SHCN – meeting with Alex Neil MSP, Cabinet Secretary for Health & Wellbeing,

              27th November 2013 in Holyrood                                                   (JSS notes)

 

Present:                        Julie McAnulty                                    Alex Neil MSP Cabinet Secretary

Kenneth Barr                           Louisa Brown  Asst PA to AN

Catherine Hughes                    Liz Porterfield  )(Healthcare Planning Team

Dr Patrick Trust                       Chris Roberts   )(Planning & Quality Div.

James Sandeman                                              (SG Health & Soc Care Dir.

 

Integrated Care in a District Hospital (PT)                                                             Actions

PT’s paper had been submitted earlier.  He stressed that as things stand GPs are poorly placed to protect A&E, but the model pioneered in the Mid Argyll (Lochgilphead) and now being implemented in Vale of Leven shows how integration between Primary and Secondary can improve healthcare.

PT emphasised the role additional GP training plays: support in this is now coming from the RCGP, and the GMC are taking an active interest.

He stressed that the current over-centralised system is inhibiting progress, leaving a need to redress the balance.

AN recognised the pressures on A&E, with 1.65 million presenting to A&E and emergency admissions up by 15%: due principally to an ageing population, many with multiple morbidities, and the addition of norovirus.  The £50 million Unscheduled Care Action Plan aims to meet this challenge.

Delays have resulted from problems with patient flow, especially Delayed Discharges, but flow is accelerating and further improvements are coming.

One aspect is the use of A&E as a “drop in centre”, exacerbated by NHS24 issues, the inability to obtain early GP appointments and in urban areas the proximity of A&E.

AN accepted that rural areas in particular could benefit from the Primary/Secondary integration model.

He is already encouraging the BMA and RCGP to progress the GP training issue.  He cited the GP recruitment difficulties in Ardnamurchan, but PT and JMcA pointed out that Jura and Arran had obtained GPs by employing innovative canvassing methods.

PT reminded AN that the GP-led MIU in Vale of Leven is now open 24/7, in contrast to the units in Stobhill and Victoria which close overnight.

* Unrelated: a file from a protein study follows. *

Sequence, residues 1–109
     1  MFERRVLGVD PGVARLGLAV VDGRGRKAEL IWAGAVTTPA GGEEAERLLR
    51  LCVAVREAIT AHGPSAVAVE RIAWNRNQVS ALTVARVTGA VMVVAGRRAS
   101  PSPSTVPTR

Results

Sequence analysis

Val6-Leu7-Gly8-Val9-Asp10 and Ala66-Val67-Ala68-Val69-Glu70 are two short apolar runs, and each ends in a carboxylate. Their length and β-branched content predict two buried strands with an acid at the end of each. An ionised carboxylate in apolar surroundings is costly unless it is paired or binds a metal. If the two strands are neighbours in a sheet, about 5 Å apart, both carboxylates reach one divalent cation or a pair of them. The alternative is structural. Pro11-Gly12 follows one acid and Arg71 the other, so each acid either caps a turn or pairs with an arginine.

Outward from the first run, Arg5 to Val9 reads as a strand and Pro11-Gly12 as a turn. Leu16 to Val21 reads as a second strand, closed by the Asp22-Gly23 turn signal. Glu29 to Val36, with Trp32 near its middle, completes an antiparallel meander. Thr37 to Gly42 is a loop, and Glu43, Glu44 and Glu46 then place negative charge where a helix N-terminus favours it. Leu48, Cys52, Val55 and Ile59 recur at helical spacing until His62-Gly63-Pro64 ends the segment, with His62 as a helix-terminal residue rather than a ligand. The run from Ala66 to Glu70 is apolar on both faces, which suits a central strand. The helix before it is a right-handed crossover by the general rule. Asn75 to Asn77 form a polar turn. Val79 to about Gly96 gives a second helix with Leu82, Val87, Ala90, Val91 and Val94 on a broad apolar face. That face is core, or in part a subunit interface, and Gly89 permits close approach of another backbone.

He repeated that the RCGP is enthusiastic, led by its Chair Dr John Gillies.

AN would continue his contact with RCGP, BMA, with every prospect of making early progress.                                                                                                                    AN

 

TrakCare (KB)

KB raised shortcomings in communication, mainly because in spite of initial aspirations TrakCare was not universal.  Argyll & Bute suffers because the vast majority of its patients relate to NHSGGC who cannot communicate with the ‘parent’ NHSHighland.

Forth Valley and Golden Jubilee do not currently use TrakCare, although LP indicated Forth Valley were introducing it.

AN stressed that NHSGGC had inherited 11 different systems: they now had it down to 3 and would soon be 100% on TrakCare.

Also Highland were working on the data sharing issue, including communications and data protection.  He stated the data protection ‘barrier’ was partly a myth: he would revert.      AN

KB insisted the solutions were not complicated: the NHS Portal offered a way of communicating, and a simple card held by the patient containing a CHI number and validated by a password (in emergency overridden by two doctors) could provide instant access to vital patient data.

AN referred to a national NHS, which should work on the basis of proper access, and cited the US Veterans system as offering guidance.  He favoured a web-based, patient-controlled system, and was keen to avoid the expensive failures experienced in England.

Stroke (JS)

JS repeated the two questions previously raised, regarding

a) public awareness of how to identify and react to a possible stroke, and

b) consistent failure to meet treatment targets.

He cited the 2009 awareness initiative led by Chest Heart & Stroke Scotland/BBC/NHSGGC and probably others, based on the F-A-S-T mnemonic, and urged periodic updates to refresh public memory.  Time is often crucial, both at the event and after the 999 call.